Many of us are familiar with the idea that pollution can reduce the quality of the air we breathe outdoors and affect our health. But air pollution is not just something that happens outside.
The quality of air indoors can be reduced by common activities like cooking or using a boiler.
These can give off harmful gases like carbon monoxide, which can be fatal in extreme cases. Even carbon dioxide, which is produced naturally when we breathe, can reach harmful levels if several people are confined in a room with poor ventilation. These gases can cause symptoms like headaches, dizziness and nausea.
Such symptoms have been reported by people like office workers who spend long hours in an enclosed building. The phenomenon is called sick building syndrome and poor air quality is thought to be one of its risk factors.
Poor air quality can exacerbate symptoms in people with respiratory conditions like asthma, or those with allergies. Pollen carried in from the outdoors, dust and cigarette smoke can all contribute to poor air quality.
Indoor air pollution from volatile organic compounds
Volatile organic compounds (VOC) are another common but less known source of air pollution indoors. VOCs sources in the home and at work include:
● Cleaning products
● Furnishings like carpets
● Sofas and mattresses
● Paint and varnishes
VOCs are highly volatile and tend to give off an unpleasant smell. They include compounds such as formaldehyde, acetone, benzene and chloride.
They can cause symptoms such as headaches, nausea and irritation to the eyes, nose and throat. They can also affect people with respiratory conditions.
Improving air quality with an air purifier
If you live or work in a building with poor air quality then dealing with the cause is best way to improve the air quality. For instance, you might need to improve the ventilation. If this isn’t an option, or you are particularly sensitive to poor air quality because of a condition like asthma, then an air purifier can help clean the air.
Air purifiers often use one or more different kinds of filtering technology to deal with different kinds of pollutants. The types of filters available include:
● Activated carbon: These use carbon which has been processed to be incredibly porous, so there’s a larger surface area to adsorb particles. This makes them good at removing VOCs.
● Ultraviolet light: UV light has long been used as a steriliser to destroy microorganisms, including airborne viruses which can cause diseases like flu.
● Photocatalytic: These use a photocatalyst to oxidise water to produce hydroxyl radicals. The radicals are capable of damaging a wide range of pollutants including VOCs and airborne pathogens.
Air quality sensors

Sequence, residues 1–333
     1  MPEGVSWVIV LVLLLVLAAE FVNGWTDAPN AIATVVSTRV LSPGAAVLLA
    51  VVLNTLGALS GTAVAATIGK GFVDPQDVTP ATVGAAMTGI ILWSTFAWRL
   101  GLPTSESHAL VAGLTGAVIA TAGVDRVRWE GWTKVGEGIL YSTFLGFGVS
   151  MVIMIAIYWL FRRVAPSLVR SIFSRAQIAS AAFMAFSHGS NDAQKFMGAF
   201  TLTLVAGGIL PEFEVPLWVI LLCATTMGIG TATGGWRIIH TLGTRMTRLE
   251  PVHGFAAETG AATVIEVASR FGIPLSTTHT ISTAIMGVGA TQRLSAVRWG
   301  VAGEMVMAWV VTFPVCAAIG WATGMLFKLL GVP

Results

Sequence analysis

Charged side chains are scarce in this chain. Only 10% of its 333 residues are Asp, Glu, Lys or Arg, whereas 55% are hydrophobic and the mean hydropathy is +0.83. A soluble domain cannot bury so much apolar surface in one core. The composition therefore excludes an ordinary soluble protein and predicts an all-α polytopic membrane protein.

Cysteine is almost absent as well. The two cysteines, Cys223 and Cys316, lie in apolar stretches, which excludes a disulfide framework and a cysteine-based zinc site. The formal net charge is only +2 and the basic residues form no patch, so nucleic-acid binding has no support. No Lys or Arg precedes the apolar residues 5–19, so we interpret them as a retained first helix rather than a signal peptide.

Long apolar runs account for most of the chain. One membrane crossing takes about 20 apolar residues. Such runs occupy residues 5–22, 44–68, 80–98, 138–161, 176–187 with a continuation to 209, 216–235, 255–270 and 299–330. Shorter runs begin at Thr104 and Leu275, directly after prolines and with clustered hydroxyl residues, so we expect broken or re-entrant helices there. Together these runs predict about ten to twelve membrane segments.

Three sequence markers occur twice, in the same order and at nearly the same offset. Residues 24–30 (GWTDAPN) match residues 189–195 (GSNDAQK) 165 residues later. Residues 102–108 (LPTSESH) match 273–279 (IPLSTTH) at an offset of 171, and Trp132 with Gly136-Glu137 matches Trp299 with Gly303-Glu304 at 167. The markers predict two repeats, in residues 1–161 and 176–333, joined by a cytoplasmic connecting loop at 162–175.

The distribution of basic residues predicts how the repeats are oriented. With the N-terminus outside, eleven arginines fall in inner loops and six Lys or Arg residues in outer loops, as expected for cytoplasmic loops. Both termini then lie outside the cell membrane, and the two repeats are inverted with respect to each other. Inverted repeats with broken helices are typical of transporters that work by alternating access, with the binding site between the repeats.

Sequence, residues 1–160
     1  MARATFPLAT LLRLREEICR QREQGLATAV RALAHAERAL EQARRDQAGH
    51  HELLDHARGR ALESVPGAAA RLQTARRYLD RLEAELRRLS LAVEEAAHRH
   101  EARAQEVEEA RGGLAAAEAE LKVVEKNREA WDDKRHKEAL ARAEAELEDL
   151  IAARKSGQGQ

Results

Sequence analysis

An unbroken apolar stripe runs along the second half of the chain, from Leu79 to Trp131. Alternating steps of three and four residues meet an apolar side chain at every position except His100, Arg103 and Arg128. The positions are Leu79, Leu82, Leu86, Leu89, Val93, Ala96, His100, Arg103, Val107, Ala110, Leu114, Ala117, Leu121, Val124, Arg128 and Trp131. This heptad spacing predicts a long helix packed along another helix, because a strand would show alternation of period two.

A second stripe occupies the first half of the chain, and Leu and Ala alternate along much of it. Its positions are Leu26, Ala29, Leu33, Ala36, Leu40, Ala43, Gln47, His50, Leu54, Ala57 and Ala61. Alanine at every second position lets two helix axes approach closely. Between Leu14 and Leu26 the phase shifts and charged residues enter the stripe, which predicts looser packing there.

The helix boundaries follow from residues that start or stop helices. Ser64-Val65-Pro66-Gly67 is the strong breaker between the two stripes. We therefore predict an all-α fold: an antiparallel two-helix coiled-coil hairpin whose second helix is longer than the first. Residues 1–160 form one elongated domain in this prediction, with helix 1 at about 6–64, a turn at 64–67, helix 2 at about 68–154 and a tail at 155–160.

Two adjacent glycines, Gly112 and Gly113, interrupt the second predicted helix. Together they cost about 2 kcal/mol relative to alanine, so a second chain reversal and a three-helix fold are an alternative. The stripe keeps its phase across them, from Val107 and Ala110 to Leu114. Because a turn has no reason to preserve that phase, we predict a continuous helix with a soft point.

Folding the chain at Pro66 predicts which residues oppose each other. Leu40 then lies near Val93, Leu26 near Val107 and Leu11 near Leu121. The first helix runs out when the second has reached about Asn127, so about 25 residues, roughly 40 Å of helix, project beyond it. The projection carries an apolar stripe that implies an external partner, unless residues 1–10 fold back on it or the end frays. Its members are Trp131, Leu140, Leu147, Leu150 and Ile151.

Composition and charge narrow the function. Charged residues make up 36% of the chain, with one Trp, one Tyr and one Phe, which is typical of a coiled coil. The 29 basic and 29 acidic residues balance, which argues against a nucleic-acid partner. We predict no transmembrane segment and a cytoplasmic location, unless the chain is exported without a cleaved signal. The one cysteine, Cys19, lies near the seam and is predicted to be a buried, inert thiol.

Some air purifiers have in-built sensors which can monitor the ambient air quality. Depending on the amount of pollutants detected by the sensor, the air purifier can then automatically adjust how hard it works.
Manufactures like SGX Sensortech produce sensors which detect a wide range of gases, including VOCs.
Stand-alone rather than in-built VOC sensors can also be used to monitor the performance of air purifiers. This helps provide extra peace of mind that the air purifier is indeed improving the air quality, if VOCs are present.
SGX Sensortech’s range of VOC sensors make use of cutting-edge technology. Sensors using metal oxide semiconductors and micro-electro-mechanical systems (MEMS) technology can detect VOCs with a high degree of sensitivity.
MEMS technology allows small but powerful sensors to be created. Not only can the devices pick up subtle changes in the level of VOCs, across a wide detection range, they can do so in real time.
Some of the devices are particularly handy because they can simply be plugged into a power socket where they operate at low power with a high energy efficiency.
SGX Sensortech also create VOC sensors which can indicate the level of carbon dioxide present, which is often used as a proxy for determining air quality.
In future, SGX Sensortech is looking at creating VOC sensors which can monitor other factors affecting air quality, such as humidity and temperature. They may also be customised by their owners so they can choose which factors to measure.
Measuring the efficiency of air purifiers
The efficiency of air purifiers is determined by the type and variety of particles they can remove from the air, as well as the speed at which they do so.
In the US, air filters are given American Society of Heating, Refrigeration, and Air-conditioning Engineer ratings to indicate their efficiency.
Purifiers approved by the Association of Home Appliance Manufacturers are assigned a Clean Air Delivery Rate to indicate their efficiency. This indicates how many cubic feet of air is purified per minute.